Monica Doumit: Go, be shriven. We all need it

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A pyrrhic win? Academy Award winner Will Smith won the Best Actor award for his role in the movie King Richard. Is there such a thing as reconciliation and restoration in today’s cancel culture society? Photo: CNS/Warner Bros. Pictures

Will Smith’s sucker punch of a comedian highlights the need for humility – and repentance

I never thought the Academy Awards – a ceremony that traded its relevance for quota systems some time ago – would ever capture people’s imagination and interest again, but it returned to the headlines and dinner table conversation this year.

Well, it wasn’t actually the Academy Awards that was being spoken about, but that moment when Best Actor winner Will Smith slapped host Chris Rock across the face for making an insensitive joke about his wife’s alopecia diagnosis, before yelling obscenities at him from his front-row seat.

Like most of you, I have been in discussions about whether or not it was staged, the appropriateness of Smith being allowed to stay in the theatre to receive his award, the tearful acceptance speech in which Smith apologised to everyone except Rock, the standing ovation and strident defence from many of his Hollywood confreres and traded the funniest memes using the now infamous image of “The Slap.”

However, the most interesting conversations were about whether Will Smith can be ‘redeemed’ or whether his career will come to a premature end. The question isn’t just one of celebrity gossip, but whether anyone can be forgiven in this age of cancellation. Smith apologised to Rock over Instagram (as you do) and has voluntarily resigned his membership of the Academy. But is that enough?

It’s hard to say.

On the one hand, those who gave Smith a standing ovation and defended him afterwards are being criticised for minimising or even condoning what happened. They are being labelled as hypocrites for taking a stand against other forms of violence but for ignoring it here. Many in showbiz will want to make sure they are not too quick to embrace Smith again, lest anyone accuse them of being soft on the crimes of one of their own (Harvey Weinstein, anyone?)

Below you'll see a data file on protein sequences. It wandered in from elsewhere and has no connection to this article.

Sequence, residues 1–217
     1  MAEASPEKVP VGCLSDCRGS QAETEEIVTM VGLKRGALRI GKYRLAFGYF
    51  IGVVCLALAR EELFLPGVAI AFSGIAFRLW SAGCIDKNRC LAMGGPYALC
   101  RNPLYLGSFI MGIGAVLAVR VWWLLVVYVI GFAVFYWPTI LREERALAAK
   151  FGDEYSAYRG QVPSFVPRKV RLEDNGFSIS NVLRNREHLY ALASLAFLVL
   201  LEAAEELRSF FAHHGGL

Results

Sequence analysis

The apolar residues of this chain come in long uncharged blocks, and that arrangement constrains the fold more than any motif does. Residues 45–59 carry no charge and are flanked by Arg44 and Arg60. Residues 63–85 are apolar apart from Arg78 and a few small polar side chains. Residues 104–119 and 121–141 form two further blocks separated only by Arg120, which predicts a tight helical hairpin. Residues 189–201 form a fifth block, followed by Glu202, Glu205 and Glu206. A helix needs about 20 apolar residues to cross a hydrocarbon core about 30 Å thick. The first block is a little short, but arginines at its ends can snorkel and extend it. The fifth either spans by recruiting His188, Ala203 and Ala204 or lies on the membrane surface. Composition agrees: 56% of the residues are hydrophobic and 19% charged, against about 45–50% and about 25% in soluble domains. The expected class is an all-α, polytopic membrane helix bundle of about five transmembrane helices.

“The practice of confession is the answer to the perils of contemporary cancel culture, where we are tempted to view some sins or crimes as beyond forgiveness and the people who commit them as being beyond redemption.”

On the other hand, Smith is a very popular, talented and bankable actor, with such significant appeal that he can command $40 million for each film in which he stars. He is only the fifth African American actor to take home the Best Actor gong, and my guess is that filmmakers would be eager to work with him again if his reputation could be restored.
But how can you redeem someone in an industry, and a culture more broadly, that no longer believes in second chances?

I remember having this conversation with Dr Tanveer Ahmed, a psychiatrist and author whose book In Defence of Shame, speaks about the communal aspect of reconciliation and restoration. Dr Ahmed described his work with certain ethnic communities where, when treating a patient who had offended against the standards of their community, he would need to invite representatives of the community in to accept the apology and restore the patient’s standing. Even if the patient had been forgiven, without explicit confirmation from the community that this was the case, the patient would continue to suffer this shame.

To many, Dr Ahmed’s work sounds like the best of modern-day psychiatry. To Catholics, it is analogous to the Sacrament of Reconciliation: a person offends and brings their shame and contrition to someone who has the authority to not only forgive them, but to restore them to the community.

Of course, God has the ability to forgive outside confession, but for the individual sinner, nothing quite compares to the certainty that comes with hearing the words of absolution from a Priest speaking as Christ.

We hear frequently enough that many Catholics have abandoned regular confession, and that this abandonment is understandable, and even appropriate in modern times.
I disagree. If anything, we need it more than ever.

“Of course, god has the ability to forgive outside confession, but for the individual sinner, nothing quite compares to the certainty that comes with hearing the words of absolution from a priest, speaking as christ”

The practice of individual confession is the answer to the perils of contemporary cancel culture, where we are tempted to view some sins or crimes as beyond forgiveness, and the people who commit them as being beyond redemption. It is a reminder that all of us are in need of mercy and so we should extend mercy when it is sought. It is the way that even those who fall from great heights on the biggest of stages can be restored.

In other words, Hollywood would be much better if everyone was Catholic. That’s not too much to ask, right?

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Monica Doumit: Cancel culture cancels parents